Not even the Wickiverse can escape the clutches of inflation. The bounty on the head of John Wick (Keanu Reeves) starts at $20 million and only climbs. As I watched him take down goon after henchman after thug, I came to realize this number doesn’t represent the value of having him dead. It’s a guesstimate of how much money each would-be assassin thinks would even the odds enough for him (always a dude) to take a shot at the Baba Yaga — and often, it’s the only shot he’ll get off.

This is the attitude of Nobody (Shamier Anderson), a tracker who keeps one eye on John’s health and the other on the ever-rising bounty. Also, he has a German shepherd. In a franchise sparked by the death of a dog, you know that’s going to be important later.

We go to see Chad Stahelski’s John Wick films (with characters created by Derek Kolstad) for the action, but over the course of the second (2017) and third (2019) installments, the storyworld also allures; I’ve always felt that the series borrows liberally from Constantine (2005), another Reeves vehicle. John Wick: Chapter 3 — Parabellum may have felt bogged down in worldbuilding, but it all pays off in John Wick: Chapter 4 (written by Shay Hatten and Michael Finch). All the groundwork having been laid, the story this time is simple, almost linear: John needs to get somewhere before time runs out, and he kills anyone who objects.

The plot evokes that of a shoot ’em up video game, except that no game I can imagine would give the player as many combat move options as John seems to know. He’s praised for his martial skill, but it takes real learning to be able to deploy his body and assorted weapons like that. Remember how he kills someone with a book in Parabellum? Here, like Tom Cruise encountering a brand new type of vehicle, John shows himself to be a master of the nunchucks. Forget about the balletic swinging of Bruce Lee; these nunchucks are used as the angular momentum–enhanced clubs they are.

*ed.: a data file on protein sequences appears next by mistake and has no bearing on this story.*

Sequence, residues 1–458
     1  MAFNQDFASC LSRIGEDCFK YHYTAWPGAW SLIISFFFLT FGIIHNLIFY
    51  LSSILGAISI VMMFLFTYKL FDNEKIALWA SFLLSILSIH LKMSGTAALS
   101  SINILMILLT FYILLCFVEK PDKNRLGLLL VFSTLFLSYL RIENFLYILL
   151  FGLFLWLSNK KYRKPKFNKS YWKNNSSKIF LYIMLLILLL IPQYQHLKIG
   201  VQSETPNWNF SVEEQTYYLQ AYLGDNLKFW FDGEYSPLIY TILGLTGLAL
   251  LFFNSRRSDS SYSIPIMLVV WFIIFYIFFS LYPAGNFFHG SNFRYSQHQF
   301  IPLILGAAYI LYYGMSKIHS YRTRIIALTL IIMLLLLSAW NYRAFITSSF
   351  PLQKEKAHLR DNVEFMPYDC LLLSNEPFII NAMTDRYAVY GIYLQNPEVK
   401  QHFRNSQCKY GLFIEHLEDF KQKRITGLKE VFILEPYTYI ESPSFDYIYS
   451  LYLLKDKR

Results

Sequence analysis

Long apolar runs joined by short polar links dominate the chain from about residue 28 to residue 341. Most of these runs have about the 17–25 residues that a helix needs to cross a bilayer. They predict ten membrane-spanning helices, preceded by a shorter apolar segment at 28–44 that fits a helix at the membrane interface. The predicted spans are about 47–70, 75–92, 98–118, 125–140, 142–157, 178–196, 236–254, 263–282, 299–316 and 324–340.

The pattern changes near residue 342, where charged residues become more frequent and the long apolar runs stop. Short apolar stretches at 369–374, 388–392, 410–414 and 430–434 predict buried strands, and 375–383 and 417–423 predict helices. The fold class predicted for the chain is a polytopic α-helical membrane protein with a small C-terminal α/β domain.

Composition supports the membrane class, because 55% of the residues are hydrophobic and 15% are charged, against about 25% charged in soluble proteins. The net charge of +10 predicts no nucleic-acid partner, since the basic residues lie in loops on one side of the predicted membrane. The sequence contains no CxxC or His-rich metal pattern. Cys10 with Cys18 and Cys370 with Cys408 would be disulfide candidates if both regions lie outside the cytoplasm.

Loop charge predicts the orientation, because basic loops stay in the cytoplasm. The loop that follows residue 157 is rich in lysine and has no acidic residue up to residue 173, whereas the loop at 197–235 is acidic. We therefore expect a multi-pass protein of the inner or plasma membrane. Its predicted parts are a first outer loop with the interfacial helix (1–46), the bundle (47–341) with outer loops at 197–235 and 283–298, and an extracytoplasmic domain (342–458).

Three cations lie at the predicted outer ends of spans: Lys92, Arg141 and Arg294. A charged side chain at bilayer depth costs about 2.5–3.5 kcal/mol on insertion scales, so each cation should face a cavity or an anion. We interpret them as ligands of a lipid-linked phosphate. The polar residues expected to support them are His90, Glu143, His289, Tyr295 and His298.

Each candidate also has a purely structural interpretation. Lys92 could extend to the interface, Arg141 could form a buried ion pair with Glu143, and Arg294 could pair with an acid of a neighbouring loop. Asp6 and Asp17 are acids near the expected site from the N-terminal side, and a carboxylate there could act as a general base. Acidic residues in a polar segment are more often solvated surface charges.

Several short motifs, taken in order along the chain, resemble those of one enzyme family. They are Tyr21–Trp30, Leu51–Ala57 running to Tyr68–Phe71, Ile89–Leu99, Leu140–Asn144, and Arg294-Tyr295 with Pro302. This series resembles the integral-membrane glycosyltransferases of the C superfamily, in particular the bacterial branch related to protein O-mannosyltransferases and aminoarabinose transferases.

They appear in the first of four huge fight sequences (coordinated by Scott Rogers), the first being set at the Osaka Continental, managed by John’s old friend, Shimazu (Sanada Hiroyuki), with the help of his concierge and daughter, Akira (Rina Sawayama, whose brief but highly effective turn is akin to Ana de Armas’s in 2021’s No Time to Die). And I do mean all of the Continental, from the foyer to the kitchens to the neon-lit hall of samurai art, all the way up to the rooftop.

All the fight sequences are sprawling, lengthy affairs, mostly due to the presence of more significant heavies than before. The High Table that rules the assassin world has granted unlimited authority for John’s removal to one Marquis de Gramont (Bill Skarsgård, in a French accent walking the line between decadent and effeminate), and he in turn deploys right hand man Chidi (Marko Zaror) and conscripts Caine (a louche Donnie Yen — yes, he does the Wing Chun thing at one point), who’s a sightless retired sword-cane-(get it?)-wielding assassin and another of John’s old friends. There’s also Killa, played by Scott Adkins in probably the only good use of a fatsuit, as it results in the thrillingly paradoxical combination of an out-of-shape kingpin fighting like an MMA champion.